Chief Master Sergeant of the Air Force James Cody told lawmakers the Air Force is taking steps to make sure all separating or retiring airmen attend Transition Assistance Program courses. (Scott Ash/Air Force)
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The Air Force is ramping up its Transition Assistance Program to help handle an unusually high number of airmen expected to leave the service in the next few years, Chief Master Sergeant of the Air Force James Cody said Wednesday.
Cody told the Senate Armed Services subcommittee on personnel that the Air Force’s Airmen and Family Readiness Centers usually process 32,000 to 35,000 departing airmen each year.
But due to the sweeping budget cuts known as sequestration and other structural changes, the Air Force has had to launch a force management program that aims to cut 25,000 airmen over the next five years. Lt. Gen. Sam Cox, the Air Force’s deputy chief of staff for manpower, personnel and services, told lawmakers the Air Force must cut 16,700 active- duty troops to get the end strength down to 310,900 in fiscal 2015.
And that’s going to mean TAP — which offers pre-separation counseling, Veterans Affairs Department benefits briefings, a Labor Department employment workshop, and a capstone review that verifies airmen are ready for life in the private sector — is going to have to handle many more airmen than normal.
Cody said the Air Force is taking steps to make sure all separating or retiring airmen attend those courses. Those steps include offering more courses at each installation, increasing class sizes, coordinating with partnering agencies to add more courses when necessary, providing service members and their families more information about TAP, and contacting airmen to get them to sign up for TAP.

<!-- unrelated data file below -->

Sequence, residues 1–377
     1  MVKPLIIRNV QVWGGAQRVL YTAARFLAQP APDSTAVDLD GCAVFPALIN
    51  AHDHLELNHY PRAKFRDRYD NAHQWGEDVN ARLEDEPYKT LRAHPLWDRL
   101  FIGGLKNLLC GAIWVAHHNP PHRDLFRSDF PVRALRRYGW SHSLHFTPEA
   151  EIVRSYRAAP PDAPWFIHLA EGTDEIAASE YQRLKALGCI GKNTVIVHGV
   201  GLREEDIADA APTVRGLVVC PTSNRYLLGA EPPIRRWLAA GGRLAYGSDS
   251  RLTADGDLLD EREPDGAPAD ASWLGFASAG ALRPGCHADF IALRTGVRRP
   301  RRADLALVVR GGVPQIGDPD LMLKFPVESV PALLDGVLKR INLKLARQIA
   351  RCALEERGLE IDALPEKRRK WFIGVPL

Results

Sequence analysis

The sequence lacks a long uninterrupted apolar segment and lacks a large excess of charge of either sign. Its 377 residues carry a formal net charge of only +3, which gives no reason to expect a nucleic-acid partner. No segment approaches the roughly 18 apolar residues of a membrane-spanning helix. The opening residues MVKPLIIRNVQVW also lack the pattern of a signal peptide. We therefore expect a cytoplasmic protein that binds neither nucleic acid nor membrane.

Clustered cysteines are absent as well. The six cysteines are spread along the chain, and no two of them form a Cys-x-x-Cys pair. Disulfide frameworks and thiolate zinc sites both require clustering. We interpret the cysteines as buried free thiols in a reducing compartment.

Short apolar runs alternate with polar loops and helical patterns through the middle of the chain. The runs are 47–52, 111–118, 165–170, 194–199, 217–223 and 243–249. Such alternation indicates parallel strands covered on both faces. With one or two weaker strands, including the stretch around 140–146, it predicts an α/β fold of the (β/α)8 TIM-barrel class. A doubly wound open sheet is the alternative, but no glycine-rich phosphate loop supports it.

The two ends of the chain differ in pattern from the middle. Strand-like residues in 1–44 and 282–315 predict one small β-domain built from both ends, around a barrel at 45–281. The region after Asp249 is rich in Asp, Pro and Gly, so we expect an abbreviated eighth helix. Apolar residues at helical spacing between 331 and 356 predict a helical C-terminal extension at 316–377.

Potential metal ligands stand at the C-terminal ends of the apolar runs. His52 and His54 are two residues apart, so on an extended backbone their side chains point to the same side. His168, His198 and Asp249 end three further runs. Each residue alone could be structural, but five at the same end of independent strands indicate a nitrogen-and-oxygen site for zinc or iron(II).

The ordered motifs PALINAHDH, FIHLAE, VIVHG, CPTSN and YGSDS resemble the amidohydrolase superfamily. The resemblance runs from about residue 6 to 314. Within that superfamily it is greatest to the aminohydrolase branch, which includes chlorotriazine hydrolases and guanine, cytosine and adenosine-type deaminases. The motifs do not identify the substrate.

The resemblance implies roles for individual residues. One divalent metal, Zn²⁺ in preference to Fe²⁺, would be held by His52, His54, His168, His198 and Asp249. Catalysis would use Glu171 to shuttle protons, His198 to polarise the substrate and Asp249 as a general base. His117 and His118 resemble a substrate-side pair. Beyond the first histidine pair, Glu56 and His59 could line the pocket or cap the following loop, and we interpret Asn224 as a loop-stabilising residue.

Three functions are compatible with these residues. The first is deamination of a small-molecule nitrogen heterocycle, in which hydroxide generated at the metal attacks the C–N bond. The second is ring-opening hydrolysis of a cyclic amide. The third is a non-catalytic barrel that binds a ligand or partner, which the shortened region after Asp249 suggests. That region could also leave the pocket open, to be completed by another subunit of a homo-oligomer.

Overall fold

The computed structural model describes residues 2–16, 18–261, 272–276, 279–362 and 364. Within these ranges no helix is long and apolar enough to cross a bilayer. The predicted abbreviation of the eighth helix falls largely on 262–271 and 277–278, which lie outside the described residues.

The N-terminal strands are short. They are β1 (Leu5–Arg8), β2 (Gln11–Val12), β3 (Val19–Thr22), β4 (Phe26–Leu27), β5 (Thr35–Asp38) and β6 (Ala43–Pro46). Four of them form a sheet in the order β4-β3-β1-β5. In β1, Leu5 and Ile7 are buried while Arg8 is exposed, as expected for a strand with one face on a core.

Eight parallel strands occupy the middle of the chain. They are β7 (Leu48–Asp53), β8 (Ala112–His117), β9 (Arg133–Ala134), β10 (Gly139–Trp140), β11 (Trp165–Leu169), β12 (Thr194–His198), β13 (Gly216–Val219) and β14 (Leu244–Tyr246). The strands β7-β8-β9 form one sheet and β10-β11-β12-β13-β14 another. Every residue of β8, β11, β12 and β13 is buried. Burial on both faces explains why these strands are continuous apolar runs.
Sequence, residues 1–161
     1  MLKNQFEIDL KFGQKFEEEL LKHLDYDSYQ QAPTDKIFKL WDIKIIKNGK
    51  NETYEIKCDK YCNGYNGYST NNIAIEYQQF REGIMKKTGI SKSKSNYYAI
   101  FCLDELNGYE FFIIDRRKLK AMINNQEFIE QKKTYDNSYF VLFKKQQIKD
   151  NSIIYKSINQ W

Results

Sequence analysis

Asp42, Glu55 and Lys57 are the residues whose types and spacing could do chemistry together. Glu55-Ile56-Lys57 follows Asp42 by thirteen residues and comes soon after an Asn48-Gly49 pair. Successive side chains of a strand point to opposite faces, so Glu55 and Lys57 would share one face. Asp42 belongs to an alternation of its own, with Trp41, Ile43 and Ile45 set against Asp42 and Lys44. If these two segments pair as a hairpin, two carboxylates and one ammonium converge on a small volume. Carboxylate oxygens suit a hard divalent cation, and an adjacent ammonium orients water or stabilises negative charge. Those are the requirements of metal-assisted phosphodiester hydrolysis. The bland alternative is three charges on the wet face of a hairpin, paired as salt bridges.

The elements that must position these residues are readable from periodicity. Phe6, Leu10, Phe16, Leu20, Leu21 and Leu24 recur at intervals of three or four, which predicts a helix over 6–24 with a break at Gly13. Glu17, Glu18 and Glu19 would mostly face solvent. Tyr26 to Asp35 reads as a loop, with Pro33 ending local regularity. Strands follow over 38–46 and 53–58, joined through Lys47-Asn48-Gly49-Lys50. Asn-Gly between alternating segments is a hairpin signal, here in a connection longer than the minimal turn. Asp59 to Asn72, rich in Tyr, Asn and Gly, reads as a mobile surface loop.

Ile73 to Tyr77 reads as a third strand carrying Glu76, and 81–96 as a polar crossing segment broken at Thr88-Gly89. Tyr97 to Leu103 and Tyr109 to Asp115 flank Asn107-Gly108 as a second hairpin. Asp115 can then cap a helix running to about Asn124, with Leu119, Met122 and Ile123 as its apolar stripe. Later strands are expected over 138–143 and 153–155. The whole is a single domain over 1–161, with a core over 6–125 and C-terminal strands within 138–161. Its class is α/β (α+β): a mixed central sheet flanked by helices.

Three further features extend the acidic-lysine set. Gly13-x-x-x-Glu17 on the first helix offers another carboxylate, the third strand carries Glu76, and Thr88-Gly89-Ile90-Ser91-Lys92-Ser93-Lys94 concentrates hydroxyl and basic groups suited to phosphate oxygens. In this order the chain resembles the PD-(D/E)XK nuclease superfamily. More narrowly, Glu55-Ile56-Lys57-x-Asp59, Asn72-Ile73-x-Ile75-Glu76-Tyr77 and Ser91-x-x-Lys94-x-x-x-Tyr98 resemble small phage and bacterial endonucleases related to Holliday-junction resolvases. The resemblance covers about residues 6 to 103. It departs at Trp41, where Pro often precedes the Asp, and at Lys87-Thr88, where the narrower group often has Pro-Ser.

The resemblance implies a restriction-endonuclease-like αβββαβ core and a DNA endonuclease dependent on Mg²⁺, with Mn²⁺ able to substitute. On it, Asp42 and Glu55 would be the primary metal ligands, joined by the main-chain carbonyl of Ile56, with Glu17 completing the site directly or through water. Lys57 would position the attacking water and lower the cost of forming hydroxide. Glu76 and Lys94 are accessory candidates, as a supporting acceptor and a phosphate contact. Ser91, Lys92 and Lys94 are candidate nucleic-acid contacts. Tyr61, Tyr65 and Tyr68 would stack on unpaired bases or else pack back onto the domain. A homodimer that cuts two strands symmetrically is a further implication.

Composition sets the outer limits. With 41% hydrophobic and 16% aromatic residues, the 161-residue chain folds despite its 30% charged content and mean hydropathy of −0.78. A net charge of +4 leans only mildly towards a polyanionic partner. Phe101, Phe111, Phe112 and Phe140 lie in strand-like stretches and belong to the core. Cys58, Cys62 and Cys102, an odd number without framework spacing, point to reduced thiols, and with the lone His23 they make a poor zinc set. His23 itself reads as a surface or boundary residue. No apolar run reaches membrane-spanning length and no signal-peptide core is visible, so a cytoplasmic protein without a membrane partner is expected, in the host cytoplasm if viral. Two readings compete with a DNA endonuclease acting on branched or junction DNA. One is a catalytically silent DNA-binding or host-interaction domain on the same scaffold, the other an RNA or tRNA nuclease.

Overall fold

“As we manage the reductions to end strength, we must continue to focus on support for our airmen transitioning to the civilian sector,” Cody said.
Most TAP courses are mandatory for all departing airmen. However, some airmen can be exempted: those with at least 20 years of active- duty service; documented civilian employment; acceptance to an accredited career technical training, undergraduate or graduate degree program; specialized skills that require deployment within 60 days; and wounded warriors enrolled in an approved Education and Employment Initiative program.
This year’s force management effort has 18 voluntary and involuntary programs. Cox reiterated that the Air Force wants to use voluntary measures as much as possible to minimize the need for involuntary separations.
But next year’s end strength reductions “will require a more aggressive approach in our [force management] programs,” Cox said. Next year’s force management programs will include Quality Force Review Boards for enlisted airmen, and enlisted retention boards for senior airmen through chief master sergeants. Officers will also face force shaping boards, reduction-in-force boards, and enhanced Selective Early Retirement Boards.
Cox also told lawmakers that the Air Force will focus on holding onto the best airmen with the right skills balance to meet the service’s current and future mission requirements.
“As the Air Force becomes smaller, it is ever more important to retain our highest-performing airmen,” Cox said.
Cody said that an upcoming Airman Comprehensive Assessment feedback form, which will be released in the next few months, will help guide enlisted airmen toward meeting their performance goals. The feedback form will help airmen and their supervisors have “a deep, meaningful conversation” about their goals, and will include a self-assessment, a detailed evaluation of their current performance, and specific questions that aim to provide airmen feedback on how they’re doing.
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